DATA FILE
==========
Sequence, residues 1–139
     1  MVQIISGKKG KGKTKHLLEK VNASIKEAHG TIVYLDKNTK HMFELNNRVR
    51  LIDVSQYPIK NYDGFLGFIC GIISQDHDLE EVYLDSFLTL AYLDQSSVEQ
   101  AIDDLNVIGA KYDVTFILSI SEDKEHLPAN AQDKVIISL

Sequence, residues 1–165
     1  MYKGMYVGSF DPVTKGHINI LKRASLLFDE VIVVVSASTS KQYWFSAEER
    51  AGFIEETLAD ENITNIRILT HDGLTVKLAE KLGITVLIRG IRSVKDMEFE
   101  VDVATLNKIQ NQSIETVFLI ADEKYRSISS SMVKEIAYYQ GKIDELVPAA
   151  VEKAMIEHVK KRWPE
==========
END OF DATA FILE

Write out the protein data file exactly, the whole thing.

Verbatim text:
Sequence, residues 1–139
     1  MVQIISGKKG KGKTKHLLEK VNASIKEAHG TIVYLDKNTK HMFELNNRVR
    51  LIDVSQYPIK NYDGFLGFIC GIISQDHDLE EVYLDSFLTL AYLDQSSVEQ
   101  AIDDLNVIGA KYDVTFILSI SEDKEHLPAN AQDKVIISL

Sequence, residues 1–165
     1  MYKGMYVGSF DPVTKGHINI LKRASLLFDE VIVVVSASTS KQYWFSAEER
    51  AGFIEETLAD ENITNIRILT HDGLTVKLAE KLGITVLIRG IRSVKDMEFE
   101  VDVATLNKIQ NQSIETVFLI ADEKYRSISS SMVKEIAYYQ GKIDELVPAA
   151  VEKAMIEHVK KRWPE